A clash between Irish giants Leinster and SA powerhouses the Bulls is one of the mouth-watering match-ups expected during the opening weekend of the new United Rugby Championship (URC) at the end of September.

The URC confirmed that fixtures for its inaugural season are being finalised, with an announcement to be made shortly. Early indications are that the Bulls will face Leinster, while Munster will host the Sharks on the weekend of September 24-26.

It is understood the latest fixture draft has been signed off by the respective unions, with the broadcast details still being ironed out.

Ulster are expected to be in action against Glasgow in Belfast, with Connacht on the road in Cardiff.

Tournament officials have been working to ensure Covid-19 disruptions are kept to a minimum and because of this it has taken some time to put the fixtures schedule together. However, with the IRFU (Ireland), WRU (Wales), SRU (Scotland), FIR (Italy) and SA Rugby now having signed off on the latest draft, an announcement is expected next week.

In a statement the URC said: “Fixtures for the 2021/2022 URC season are being finalised. The schedule has to comply with the latest travel conditions across our territories and has been shared with our clubs and broadcasters.

“Now work has begun to assign TV slots among our seven broadcast partners. We expect to confirm these publicly as soon as possible.”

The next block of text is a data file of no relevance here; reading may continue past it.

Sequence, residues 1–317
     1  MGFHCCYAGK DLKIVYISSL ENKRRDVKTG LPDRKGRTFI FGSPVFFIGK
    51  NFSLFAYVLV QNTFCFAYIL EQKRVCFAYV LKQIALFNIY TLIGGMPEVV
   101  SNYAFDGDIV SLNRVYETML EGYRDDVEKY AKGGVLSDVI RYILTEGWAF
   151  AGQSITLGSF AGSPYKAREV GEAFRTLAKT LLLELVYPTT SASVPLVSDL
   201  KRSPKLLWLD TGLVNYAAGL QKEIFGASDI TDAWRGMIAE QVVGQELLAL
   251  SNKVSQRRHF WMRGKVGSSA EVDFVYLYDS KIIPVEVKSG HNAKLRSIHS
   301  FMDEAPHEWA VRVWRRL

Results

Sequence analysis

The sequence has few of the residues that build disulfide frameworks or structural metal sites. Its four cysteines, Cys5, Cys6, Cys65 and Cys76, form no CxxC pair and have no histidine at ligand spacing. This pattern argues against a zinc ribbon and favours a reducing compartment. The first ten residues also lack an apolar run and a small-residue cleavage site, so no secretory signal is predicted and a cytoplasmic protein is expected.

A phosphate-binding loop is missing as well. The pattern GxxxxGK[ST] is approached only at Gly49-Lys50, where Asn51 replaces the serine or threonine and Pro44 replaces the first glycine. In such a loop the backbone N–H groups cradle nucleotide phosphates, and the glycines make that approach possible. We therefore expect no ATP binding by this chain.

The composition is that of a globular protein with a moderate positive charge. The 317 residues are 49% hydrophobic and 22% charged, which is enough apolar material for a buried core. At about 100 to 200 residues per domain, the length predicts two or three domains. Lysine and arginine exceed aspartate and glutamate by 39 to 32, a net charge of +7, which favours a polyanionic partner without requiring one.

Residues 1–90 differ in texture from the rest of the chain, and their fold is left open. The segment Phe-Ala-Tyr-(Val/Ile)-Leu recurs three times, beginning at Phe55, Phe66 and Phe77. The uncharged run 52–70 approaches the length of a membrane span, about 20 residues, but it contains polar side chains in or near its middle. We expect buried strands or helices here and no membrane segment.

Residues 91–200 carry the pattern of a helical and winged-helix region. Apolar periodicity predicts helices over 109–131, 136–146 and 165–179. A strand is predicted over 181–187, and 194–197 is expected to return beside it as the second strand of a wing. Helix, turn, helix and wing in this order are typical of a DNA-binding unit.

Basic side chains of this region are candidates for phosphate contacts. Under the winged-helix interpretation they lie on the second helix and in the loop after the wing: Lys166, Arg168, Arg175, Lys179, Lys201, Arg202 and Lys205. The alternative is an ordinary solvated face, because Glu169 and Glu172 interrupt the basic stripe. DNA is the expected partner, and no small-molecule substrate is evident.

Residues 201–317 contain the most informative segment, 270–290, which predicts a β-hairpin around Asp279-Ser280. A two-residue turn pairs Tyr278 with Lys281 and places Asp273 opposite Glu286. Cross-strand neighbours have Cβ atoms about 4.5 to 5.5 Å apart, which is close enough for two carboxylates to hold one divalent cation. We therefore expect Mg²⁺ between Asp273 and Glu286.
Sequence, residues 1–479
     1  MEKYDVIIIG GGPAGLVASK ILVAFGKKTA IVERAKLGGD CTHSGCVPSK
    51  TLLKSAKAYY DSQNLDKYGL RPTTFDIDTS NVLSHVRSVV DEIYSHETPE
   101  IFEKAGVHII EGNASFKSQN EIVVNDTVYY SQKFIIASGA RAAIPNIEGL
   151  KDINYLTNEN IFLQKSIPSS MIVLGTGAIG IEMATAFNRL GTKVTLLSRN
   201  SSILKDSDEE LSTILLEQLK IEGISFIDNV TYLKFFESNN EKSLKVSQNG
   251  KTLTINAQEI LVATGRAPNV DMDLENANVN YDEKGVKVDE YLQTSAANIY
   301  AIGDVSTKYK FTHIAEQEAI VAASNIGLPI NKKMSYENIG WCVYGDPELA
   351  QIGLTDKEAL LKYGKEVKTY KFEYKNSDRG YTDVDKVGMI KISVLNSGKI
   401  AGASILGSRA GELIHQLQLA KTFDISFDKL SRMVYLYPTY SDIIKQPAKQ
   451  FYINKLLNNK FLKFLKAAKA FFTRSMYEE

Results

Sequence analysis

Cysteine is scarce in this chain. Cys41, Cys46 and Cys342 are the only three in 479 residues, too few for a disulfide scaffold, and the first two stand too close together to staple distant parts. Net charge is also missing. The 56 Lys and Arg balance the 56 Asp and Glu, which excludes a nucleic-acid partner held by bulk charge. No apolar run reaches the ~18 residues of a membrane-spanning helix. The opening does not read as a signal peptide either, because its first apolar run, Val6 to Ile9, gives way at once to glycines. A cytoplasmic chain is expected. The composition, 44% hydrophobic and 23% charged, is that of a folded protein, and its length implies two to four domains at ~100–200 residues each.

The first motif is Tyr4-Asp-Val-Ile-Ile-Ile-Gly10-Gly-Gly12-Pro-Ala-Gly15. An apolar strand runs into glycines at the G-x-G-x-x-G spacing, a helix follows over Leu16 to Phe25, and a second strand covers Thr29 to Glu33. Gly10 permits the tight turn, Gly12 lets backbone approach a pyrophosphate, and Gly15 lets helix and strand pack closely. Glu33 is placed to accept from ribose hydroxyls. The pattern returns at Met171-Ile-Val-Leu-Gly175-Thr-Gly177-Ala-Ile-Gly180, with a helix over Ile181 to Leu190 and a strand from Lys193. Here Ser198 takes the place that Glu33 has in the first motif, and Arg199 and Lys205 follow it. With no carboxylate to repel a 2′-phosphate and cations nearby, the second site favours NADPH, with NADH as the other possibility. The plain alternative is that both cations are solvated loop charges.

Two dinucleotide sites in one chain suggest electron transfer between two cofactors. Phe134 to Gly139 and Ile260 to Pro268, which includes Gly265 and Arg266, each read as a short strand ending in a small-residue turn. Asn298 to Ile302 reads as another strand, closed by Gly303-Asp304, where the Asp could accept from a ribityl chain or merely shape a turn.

The Bulls were given an early indication of the stern opposition they will face in Europe when they were trounced 35-8 by Benetton Treviso in the Rainbow Cup final in June. The Bulls were outscored by five tries to one with their only five-pointer coming from Madosh Tambwe.

Though they reached the Rainbow Cup final, Benetton are not regarded as one of the strongest teams SA sides will face in the URC.

Bulls coach Jake White said high scores in the Currie Cup this season are not an indication that his team and the Sharks, Lions and Stormers will struggle in the URC.

“I suppose one can say this type of attacking rugby isn’t going to be appropriate in the northern hemisphere, where a specific style is usually in place,” he said. “But one has to remember that those URC sides are also coming to Loftus or Ellis Park for the first time and, importantly, in the summer months as well.

“That changes the complexion of the competition completely. I can’t see 13-12 scorelines in contests where teams aren’t moving the ball around. Conditions differ here from there in the period of competition. To be fair, just look at the New Zealand style of rugby.

“They also have a lot of results where scores are high and that does wonders for the skill levels of the international players. I don’t want us to go into our shells now,” White said.

“Obviously, there’s work to be done on defence and tightening up. Context is also important, you don’t want to concede tries from lost scoring opportunities yourself. We need to find some structure without becoming unambitious because then we’re going to struggle with gaining an advantage over the European teams when they come here.

“But that doesn’t mean the Bulls will suddenly ignore the reality that winning on cold, rainy nights in Belfast or Cardiff requires a more pragmatic way of playing,” the Bulls coach said.


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